Kurt Cobain Saw No Way Out Of His Depression Spiral

Kurt Cobain Lead Singer Of Nirvana With Wife Courtney Love

Kurt Cobain Lead Singer Of Nirvana With Wife Courtney Love

Kurt Cobain always wanted to have a family.

It was one of many things he grew up without, and one of the few things being the biggest rockstar in the world couldn't get him.

In a way, being the voice of a generation may have cost Cobain his chance at fatherhood.

On part 2 of Disgraceland's "Kurt Cobain And Courtney Love: No Direction Home" documentary podcast, host Jake Brennan explores Courtney Love's unconventional upbringing, rise to stardom and toxic romance with her husband.

No one walked the line of being purely punk rock and a total rock star like Love did. She was ferocious and fearless both on and off stage, militantly feminist and never sugar coated anything in the press. Her band, Hole, was the first female-fronted band to be the subject of a major label bidding war, and she was a star before Hole's first album even arrived.

Love was mold-breaking, explicit and her shock-and-awe interviews were like fodder to the rock press. But like her husband, Love also struggled with a drug habit. It was par for the course in rock 'n' roll at the time, but it was less intriguing when she was a mother-to-be.

Love had a nasty habit of bragging about her drug use. It never got her into much trouble, until she accidentally revealed to Vanity Fair that she went on a heroin binge in New York City while she was pregnant with Frances Bean. Vanity Fair corroborated the story with more than 20 unnamed industry sources, and when it was published, Cobain and Love's life together was never the same.

"The press revolted," Brennan says. "No more f---ing around; the safety of a kid was at risk. Articles popped up everywhere condemning the rockstar couple's behavior. Kurt and Courtney went into a war-like posture and denied everything. [They] claimed Vanity Fair misquoted them, made the story up to sell magazines. Vanity Fair stood by their writer, Lynn Hirschberg."

But Love's statements and the resulting reports had more serious consequences than her public image. Los Angeles Children Services opened and investigation into the couple and Frances Bean was taken from her parents' custody as soon as she was born and given temporarily to Love's sister.

The new parents weren't allowed to visit their newborn alone until several months of drug tests convinced authorities that the two were on the right track. But Cobain never recovered from the episode.

"The pain was familiar, as was the shame, and Kurt would never recover from it," Brennan continues.

Not long after Frances was returned to her parents' custody, Cobain resumed his drug use. He also began recording Nirvana's In Utero and touring again.

Leaving his wife and new baby to get back on the road proved a nearly impossible transition for Cobain. He constantly worried that Love was cheating on him and canceled the last two dates of the In Utero tour while he contemplated divorce.

Cobain flew to Rome to meet Love and little Frances Bean. Together again with his family, his jealousy only intensified.

It was in Rome that Kurt Cobain tried suicide for the first time.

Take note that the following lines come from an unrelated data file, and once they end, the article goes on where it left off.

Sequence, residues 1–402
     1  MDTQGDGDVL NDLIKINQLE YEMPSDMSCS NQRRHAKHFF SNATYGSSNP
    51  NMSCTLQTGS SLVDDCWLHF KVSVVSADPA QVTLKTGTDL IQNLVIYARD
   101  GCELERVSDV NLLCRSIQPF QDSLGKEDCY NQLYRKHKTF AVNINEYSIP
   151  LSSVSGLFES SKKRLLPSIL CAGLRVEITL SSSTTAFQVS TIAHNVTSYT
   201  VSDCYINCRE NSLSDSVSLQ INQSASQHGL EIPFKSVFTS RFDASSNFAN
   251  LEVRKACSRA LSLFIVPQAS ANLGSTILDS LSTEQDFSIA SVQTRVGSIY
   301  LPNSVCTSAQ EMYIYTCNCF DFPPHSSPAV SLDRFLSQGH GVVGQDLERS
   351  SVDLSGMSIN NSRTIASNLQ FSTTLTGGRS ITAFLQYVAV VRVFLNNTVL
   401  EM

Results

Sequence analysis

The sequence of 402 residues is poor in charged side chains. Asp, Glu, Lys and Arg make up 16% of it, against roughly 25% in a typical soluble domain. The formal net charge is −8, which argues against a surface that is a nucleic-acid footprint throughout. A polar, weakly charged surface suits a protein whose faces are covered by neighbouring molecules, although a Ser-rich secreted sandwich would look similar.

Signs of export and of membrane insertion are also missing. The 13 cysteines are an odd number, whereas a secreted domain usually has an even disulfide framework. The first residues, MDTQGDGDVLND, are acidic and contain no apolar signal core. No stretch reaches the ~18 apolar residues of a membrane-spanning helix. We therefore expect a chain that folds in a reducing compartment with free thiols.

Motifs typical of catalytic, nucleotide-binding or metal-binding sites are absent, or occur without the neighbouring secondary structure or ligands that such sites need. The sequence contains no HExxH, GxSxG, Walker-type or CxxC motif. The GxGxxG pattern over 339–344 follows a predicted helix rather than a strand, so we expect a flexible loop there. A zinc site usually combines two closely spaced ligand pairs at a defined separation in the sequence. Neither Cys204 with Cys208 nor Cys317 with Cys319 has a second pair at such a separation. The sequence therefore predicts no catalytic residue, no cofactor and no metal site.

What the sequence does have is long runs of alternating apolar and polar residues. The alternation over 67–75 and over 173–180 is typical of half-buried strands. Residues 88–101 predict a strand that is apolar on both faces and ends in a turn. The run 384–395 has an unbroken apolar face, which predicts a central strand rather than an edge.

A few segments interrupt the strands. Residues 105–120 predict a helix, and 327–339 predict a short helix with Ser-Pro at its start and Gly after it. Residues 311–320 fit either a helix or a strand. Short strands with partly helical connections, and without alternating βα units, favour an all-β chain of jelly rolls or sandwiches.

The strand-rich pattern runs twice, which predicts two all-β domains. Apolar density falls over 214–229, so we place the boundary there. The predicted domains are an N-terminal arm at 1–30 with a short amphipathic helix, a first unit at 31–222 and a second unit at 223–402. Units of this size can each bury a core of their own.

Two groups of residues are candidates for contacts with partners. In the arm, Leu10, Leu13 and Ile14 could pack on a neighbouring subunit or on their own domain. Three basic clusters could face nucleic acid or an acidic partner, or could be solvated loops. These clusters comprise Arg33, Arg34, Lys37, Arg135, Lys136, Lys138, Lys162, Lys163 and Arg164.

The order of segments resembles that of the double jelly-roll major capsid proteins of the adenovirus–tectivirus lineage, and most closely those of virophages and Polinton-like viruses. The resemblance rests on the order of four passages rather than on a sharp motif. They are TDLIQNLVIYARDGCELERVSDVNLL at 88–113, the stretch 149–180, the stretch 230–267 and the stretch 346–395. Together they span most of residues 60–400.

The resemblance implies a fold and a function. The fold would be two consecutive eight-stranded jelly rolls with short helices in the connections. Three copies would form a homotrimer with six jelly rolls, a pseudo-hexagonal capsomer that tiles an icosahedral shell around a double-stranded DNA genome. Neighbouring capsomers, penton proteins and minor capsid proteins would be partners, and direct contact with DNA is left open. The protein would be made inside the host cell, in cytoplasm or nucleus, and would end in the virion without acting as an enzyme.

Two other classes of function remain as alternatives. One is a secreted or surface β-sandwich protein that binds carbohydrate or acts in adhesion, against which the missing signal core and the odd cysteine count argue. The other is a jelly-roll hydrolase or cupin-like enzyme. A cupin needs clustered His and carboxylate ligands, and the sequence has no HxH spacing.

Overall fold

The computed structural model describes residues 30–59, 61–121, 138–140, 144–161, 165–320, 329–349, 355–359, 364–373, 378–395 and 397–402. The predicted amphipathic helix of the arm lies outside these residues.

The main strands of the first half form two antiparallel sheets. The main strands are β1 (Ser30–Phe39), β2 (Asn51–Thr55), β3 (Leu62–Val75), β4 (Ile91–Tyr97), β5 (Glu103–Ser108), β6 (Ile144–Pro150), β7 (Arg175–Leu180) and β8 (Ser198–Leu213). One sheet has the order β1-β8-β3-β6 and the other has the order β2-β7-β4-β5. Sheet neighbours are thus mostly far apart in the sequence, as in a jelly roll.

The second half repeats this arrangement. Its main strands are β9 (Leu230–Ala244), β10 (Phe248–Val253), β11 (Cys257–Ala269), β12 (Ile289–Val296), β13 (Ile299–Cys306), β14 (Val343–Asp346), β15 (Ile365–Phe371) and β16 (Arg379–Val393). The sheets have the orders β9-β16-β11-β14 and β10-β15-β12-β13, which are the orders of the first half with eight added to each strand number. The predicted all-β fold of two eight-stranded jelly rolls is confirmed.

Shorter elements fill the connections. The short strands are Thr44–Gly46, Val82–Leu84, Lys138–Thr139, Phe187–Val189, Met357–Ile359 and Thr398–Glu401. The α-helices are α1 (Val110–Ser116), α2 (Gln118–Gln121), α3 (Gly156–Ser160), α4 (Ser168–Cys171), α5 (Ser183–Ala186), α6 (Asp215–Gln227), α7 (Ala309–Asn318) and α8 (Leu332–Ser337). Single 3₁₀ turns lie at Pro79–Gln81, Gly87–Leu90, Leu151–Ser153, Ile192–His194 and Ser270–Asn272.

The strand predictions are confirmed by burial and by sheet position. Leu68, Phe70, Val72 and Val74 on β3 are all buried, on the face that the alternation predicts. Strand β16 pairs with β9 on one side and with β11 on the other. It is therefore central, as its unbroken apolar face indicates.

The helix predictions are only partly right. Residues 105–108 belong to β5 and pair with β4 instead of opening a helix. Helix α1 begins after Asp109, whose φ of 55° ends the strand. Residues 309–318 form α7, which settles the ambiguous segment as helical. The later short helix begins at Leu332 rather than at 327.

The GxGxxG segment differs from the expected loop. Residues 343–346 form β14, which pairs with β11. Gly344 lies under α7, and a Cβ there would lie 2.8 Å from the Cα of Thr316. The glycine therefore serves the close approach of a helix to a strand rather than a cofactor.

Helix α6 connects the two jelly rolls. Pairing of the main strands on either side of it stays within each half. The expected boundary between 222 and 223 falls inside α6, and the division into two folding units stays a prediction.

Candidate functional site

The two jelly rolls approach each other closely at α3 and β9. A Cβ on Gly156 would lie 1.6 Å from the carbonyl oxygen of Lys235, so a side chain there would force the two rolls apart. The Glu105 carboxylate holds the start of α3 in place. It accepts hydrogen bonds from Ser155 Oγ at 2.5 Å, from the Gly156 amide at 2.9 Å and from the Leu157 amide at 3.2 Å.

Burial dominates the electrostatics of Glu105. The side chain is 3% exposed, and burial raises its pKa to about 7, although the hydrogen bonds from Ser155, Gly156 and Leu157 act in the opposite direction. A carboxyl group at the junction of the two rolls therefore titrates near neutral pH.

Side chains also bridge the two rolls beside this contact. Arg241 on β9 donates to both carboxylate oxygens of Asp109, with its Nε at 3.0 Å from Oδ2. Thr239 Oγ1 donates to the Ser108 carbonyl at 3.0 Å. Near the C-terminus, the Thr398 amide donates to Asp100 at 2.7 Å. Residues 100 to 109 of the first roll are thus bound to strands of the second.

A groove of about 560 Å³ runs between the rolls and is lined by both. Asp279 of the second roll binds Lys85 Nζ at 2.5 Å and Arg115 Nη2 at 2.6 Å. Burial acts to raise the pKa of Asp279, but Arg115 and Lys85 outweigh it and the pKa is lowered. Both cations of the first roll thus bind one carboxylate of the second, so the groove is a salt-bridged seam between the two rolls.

"With the hotel room dark and quiet, and his wife and baby sound asleep, Kurt Cobain wrote a letter. 'My doctor says that like Hamlet, I need to choose life or death.' He put the pen down and shook 60 Rohypnols out of an amber bottle. He stuffed them into his mouth and downed them with the last of the champagne. He then picked up the pen and wrote, 'I'm choosing death.'"

Listen to Part 2 via the player above or on iHeartRadio.

The Rome incident was reported in the press as an "accidental overdose," but Love had the note; she knew what it really was.

After returning to Seattle, Love staged and intervention for Cobain. He then flew to L.A., where he was to check into L.A. Exodus Center for treatment. First, he made a pit stop, buying a shotgun and some shells from a nearby sporting goods store.

After three days in rehab, Cobain bought a plane ticket and jumped the wall at Exodus. He boarded the plane and was seated next to Guns N' Roses bassist Duff McKagan — of all people, another junkie rock star from Seattle. McKagan saw Cobain as a kindred spirit, even though Cobain and Love considered McKagan's band mate, Axl Rose, a sworn enemy.

"Heroin didn't come up, but it was on both of their minds," Brennan says. "Duff knew Kurt was down. Seated next to him, his depression was palpable. Upon landing, Duff decided to invite Kurt to come hang, maybe lift his spirits, but by the time he got around to asking, Kurt was in his limo and off in search of oblivion."

Cobain didn't like staying at his new million-dollar house without Love and the baby. He preferred a Seattle hotel, where it was easier to procure heroin.

After a few days in Seattle, wandering in and out of bars and oblivion, Kurt went home, looking for his gun and the box of shells.

Brennan notes that Cobain had a long fascination with suicide.

"In his journals as a boy, he'd written suicide notes to his imaginary friend. In his band's lyrics, he teased out the concept over and over again. In Utero was rife with not so subtle hints."

Cobain got home and found the box of shells. He contemplated the heroin's insidious affect on his life. He'd flirted with getting clean many times, but on the other side of sobriety, all he could see was depression — crippling pain, crumbling relationships and his decaying love of art and music.

"He took the suicide note he had penned earlier that morning and placed it away from the mess he was about to make. He brought towels for the blood, for whoever would find him."

He shot up one last time, put the shotgun barrel to the roof of his mouth and found oblivion.

Photo: Getty Images